The Housing and Urban Development Department (HUD) was launched in 1965 as part of President Johnson’s Great Society program. The idea was to have some sort of centralized planning and development regarding the massive expansion of urban populations. With an almost 50 billion dollar annual budget, HUD’s numbers can play a huge part in urban and rural planning across the country.
The estimated median family income (MFI) nationwide is $64,400
In Oregon, estimated MFI is $60,200
MFI in rural areas of Oregon is $51,300 vs. $63,900 in urban areas
The median income for Corvallis, used to deduce how much, if any, government assistance a household is eligible for in their home buying, for 2012 for a family of four was $80,800. The threshold for “low income” for a family of four was $62,300. These numbers are quite surprising, considering the most recent US census numbers. Those numbers tell us that Corvallis lags behind the rest of Oregon in most financial categories.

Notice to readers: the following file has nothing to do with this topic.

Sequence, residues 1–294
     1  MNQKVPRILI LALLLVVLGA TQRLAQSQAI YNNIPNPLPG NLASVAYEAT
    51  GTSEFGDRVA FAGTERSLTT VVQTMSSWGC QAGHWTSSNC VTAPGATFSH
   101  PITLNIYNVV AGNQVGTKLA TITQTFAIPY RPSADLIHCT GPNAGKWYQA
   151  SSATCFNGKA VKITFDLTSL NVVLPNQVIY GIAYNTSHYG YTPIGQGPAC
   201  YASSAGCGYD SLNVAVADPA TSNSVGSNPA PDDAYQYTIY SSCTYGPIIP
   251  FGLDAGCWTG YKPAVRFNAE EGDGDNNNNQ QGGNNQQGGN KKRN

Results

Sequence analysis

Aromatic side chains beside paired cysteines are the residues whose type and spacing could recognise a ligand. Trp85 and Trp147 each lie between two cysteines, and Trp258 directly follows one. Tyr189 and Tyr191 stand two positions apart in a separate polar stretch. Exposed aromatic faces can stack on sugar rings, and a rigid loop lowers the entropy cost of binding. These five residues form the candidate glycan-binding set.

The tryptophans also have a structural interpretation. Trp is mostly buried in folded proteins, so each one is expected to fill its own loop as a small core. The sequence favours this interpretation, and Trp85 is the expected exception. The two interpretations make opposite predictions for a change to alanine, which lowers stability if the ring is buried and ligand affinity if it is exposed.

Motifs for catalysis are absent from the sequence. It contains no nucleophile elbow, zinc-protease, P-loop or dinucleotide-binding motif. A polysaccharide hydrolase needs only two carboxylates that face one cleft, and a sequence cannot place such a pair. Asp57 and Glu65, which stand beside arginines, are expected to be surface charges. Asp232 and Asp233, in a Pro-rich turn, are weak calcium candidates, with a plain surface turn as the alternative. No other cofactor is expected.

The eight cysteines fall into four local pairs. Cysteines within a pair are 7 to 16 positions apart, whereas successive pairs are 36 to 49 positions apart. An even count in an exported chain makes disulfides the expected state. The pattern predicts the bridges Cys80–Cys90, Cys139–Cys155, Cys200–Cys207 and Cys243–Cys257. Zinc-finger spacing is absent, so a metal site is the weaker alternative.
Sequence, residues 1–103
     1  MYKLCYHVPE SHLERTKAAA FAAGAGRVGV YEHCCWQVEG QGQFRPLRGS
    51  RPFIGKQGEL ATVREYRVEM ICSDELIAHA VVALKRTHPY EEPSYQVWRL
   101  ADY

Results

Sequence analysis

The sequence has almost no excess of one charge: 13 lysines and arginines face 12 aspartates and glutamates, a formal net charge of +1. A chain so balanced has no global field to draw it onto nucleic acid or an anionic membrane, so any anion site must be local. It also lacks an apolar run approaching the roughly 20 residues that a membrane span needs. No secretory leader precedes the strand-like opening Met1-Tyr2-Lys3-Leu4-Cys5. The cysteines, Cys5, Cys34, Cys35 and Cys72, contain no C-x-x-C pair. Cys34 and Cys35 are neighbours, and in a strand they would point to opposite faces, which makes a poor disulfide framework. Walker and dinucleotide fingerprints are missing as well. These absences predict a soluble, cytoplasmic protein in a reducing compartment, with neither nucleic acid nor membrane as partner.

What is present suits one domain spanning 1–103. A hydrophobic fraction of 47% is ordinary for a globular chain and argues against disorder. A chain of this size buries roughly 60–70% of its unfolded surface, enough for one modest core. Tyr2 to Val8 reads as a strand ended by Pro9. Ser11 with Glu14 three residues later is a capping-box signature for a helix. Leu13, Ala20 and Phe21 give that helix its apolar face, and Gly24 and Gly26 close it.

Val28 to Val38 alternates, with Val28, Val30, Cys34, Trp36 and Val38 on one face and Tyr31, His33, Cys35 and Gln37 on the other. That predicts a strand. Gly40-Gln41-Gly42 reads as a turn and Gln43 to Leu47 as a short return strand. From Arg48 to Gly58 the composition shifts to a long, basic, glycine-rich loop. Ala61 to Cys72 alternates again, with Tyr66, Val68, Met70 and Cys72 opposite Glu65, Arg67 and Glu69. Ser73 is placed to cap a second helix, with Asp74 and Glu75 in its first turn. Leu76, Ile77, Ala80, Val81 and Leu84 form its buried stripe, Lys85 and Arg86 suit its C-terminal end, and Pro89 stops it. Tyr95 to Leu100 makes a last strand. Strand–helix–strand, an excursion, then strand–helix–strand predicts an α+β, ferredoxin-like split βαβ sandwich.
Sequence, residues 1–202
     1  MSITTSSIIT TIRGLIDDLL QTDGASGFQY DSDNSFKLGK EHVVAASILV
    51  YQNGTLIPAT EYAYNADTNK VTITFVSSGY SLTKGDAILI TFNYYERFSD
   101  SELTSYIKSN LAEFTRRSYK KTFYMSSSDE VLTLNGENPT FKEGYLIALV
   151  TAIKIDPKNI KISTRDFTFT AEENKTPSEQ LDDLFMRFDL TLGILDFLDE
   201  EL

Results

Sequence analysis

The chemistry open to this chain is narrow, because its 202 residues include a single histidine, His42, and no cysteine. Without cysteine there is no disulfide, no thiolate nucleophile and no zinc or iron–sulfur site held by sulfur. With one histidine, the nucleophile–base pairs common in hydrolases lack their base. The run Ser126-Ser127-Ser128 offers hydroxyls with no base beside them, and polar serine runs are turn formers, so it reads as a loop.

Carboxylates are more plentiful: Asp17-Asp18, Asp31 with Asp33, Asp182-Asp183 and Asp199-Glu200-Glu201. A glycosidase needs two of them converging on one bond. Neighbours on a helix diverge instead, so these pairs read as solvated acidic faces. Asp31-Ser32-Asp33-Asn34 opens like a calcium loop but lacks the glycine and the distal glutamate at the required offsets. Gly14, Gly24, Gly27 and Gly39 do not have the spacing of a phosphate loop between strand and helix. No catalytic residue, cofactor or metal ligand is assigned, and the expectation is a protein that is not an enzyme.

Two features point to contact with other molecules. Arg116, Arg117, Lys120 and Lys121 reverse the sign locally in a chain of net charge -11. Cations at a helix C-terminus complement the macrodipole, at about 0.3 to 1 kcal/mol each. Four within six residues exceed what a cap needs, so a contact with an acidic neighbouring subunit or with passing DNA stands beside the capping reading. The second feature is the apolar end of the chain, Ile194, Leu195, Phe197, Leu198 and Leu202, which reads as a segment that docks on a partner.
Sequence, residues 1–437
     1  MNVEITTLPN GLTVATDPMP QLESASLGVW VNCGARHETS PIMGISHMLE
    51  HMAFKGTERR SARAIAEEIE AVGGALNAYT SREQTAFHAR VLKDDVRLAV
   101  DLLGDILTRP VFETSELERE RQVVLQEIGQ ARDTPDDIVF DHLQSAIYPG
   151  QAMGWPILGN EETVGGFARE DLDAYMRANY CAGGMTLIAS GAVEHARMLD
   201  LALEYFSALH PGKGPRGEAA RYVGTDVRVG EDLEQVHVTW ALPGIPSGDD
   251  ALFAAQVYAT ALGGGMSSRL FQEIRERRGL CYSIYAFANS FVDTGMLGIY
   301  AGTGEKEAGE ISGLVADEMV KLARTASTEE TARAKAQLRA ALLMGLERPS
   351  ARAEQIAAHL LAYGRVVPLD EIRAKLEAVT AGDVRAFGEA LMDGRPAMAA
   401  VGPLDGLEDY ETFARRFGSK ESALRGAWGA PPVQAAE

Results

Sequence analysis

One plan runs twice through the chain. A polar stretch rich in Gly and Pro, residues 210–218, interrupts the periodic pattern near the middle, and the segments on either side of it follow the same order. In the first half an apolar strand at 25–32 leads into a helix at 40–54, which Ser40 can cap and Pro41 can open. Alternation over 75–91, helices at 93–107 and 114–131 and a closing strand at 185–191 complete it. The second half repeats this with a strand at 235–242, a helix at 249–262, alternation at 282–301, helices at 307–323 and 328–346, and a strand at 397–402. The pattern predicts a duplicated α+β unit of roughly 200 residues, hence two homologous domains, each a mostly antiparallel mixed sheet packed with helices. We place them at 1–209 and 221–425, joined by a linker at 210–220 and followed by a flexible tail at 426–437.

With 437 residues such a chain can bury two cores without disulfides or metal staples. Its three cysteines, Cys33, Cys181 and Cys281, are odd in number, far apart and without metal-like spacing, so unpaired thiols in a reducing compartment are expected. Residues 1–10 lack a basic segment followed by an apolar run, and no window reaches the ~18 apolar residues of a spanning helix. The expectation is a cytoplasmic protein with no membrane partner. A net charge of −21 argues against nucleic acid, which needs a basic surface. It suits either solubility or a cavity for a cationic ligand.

People living below the poverty line from 2007-2011, was 21% of the total population in Benton County. This is much higher than the greater Oregon level of 14%. These numbers are surely weighted by the high number of students in the area, but still must be taken as a primary concern.
Meanwhile, the job market in Corvallis continues to be stagnant, and we rank behind the rest of the state (on average) in nearly every category,. Every category besides home values, which remain nearly $20,000 higher than the statewide average.
Cities like Corvallis face greater challenges than most urban areas, with a broad mix of rural and suburban living. Our population is younger than most cities in Oregon, but we also export a massive portion of that talent to Portland, Seattle and San Francisco. This creates a distorted spread of incomes, home values and job opportunities – something reflected in the numbers.
The outlook for fiscal 2014 is not “bleak,” per se, but it does suggest home values will continue to increase, while median income stays flat. There may be no cure for these trends, but keeping an eye on the numbers can help warn us of impending demographic disasters.
By Ygal Kaufman